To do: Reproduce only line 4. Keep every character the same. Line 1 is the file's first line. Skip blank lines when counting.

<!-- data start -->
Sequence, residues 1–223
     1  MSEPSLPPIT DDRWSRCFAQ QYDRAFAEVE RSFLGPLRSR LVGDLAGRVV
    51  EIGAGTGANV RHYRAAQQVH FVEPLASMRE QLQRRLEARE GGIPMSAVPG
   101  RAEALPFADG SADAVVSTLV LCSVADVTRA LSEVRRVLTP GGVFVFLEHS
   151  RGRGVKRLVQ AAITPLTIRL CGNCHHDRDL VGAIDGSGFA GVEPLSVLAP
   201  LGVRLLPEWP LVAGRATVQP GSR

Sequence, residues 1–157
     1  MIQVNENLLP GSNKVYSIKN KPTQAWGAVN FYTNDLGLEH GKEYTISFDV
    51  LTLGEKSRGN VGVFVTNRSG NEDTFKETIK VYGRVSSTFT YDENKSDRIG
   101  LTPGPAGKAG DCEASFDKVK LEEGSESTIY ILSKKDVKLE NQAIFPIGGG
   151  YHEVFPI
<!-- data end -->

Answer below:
   101  RAEALPFADG SADAVVSTLV LCSVADVTRA LSEVRRVLTP GGVFVFLEHS